Scouts are Pathfinders, Good-Deed Doers and helpful folks to have around. Anytime you’re in unfamiliar terrain, they can come in handy.
Nowhere is that more true than medicine. Most of us are baffled by medical jargon, often uncertain exactly what it is our doctor has told us, particularly if the news is bad. And doctors are ever more frequently pushed to “churn” their patient load as frequently as they can.
So we ought to want to rely on a Pathfinder, a Map Reader, a Guide through the forest of medical recommendations and treatment.
Particularly On Serious Stuff
It’s not a problem if your doctor tells you you have a cold or the flu or arthritis … probably.
But for the more serious diagnoses – high blood pressure, cholesterol, prediabetes, morbid obesity or diabetes —you ought to ask for and get help. Or for — Heaven forbid — cancer, heart disease or any of a whole Pantheon of serious diseases that will require lifestyle changes, complex medical procedures or surgery, a Guide, a Concierge can be literally a lifesaver.
Some Scary Statistics
Ponder this. A second opinion service many larger plans use recite these chilling statistics:
- The Institute of Medicine states that “Most Americans will encounter at least one diagnostic error in their lifetime, sometimes with severe consequences for their physical and mental health.”
- According to the Mayo Clinic Proceedings, 26% of diagnoses were found to be incorrect!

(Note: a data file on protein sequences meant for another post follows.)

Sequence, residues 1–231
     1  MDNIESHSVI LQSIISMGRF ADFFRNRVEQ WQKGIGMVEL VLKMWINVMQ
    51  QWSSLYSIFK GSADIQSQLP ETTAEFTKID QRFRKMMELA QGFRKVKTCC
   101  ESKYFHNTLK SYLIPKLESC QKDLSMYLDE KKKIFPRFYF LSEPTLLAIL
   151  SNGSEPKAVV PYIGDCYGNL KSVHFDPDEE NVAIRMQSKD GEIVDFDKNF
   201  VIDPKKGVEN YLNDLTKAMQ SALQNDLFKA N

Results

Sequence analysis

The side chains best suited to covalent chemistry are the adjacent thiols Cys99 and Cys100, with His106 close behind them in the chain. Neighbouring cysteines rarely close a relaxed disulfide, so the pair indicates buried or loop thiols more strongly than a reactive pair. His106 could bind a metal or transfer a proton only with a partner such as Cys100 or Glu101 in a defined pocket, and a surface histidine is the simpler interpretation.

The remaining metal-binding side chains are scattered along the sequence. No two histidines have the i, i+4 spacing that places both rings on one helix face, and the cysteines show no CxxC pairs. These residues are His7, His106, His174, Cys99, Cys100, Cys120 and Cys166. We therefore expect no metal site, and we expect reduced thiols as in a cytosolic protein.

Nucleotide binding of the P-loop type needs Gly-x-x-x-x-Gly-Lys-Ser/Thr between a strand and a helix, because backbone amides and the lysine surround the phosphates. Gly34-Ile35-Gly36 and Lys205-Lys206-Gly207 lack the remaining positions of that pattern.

- The National Academy of Medicine stated that up to “1/3 of all healthcare costs are considered to be wasted,
the bulk tied to misdiagnosis.”
- A Johns Hopkins study indicated that misdiagnosis and medical error is the third leading cause of adult fatalities.
But Second Opinions are “Embarrassing”
I understand. I have all the faith in the world in my Primary Care Doc, and I happen to believe that we need to move to a medical model that is based more completely on Primary Care as the first defense against disease.
It would be tough for me to have to look at my doctor and say, “I’d really like a second opinion.” I’d feel that he would think that I no longer trusted him.
But that’s NOT how a good MD feels. On the contrary, most are mostly interested in getting the best care for the patient, and since many diagnoses aren’t blindingly obvious, a second opinion reassures them.
But if you’re going to get a second opinion, the last thing you want to do is pick up the yellow pages and go “specialist shopping.”
There’s a good chance you’ll pick the wrong guy. Likewise, while your doctor is a better source for referring you to the second opinion doctor, she generally doesn’t have access to the full background of every specialist she recommends.
She knows them from the club or medical meetings or they went to school together. She doesn’t know about their malpractice suits, professional disciplinary actions, etc
You’d be much better off using someone with access to all that info. For example, for surgeons, one source we use has the following criteria that they evaluate to develop their recommendations: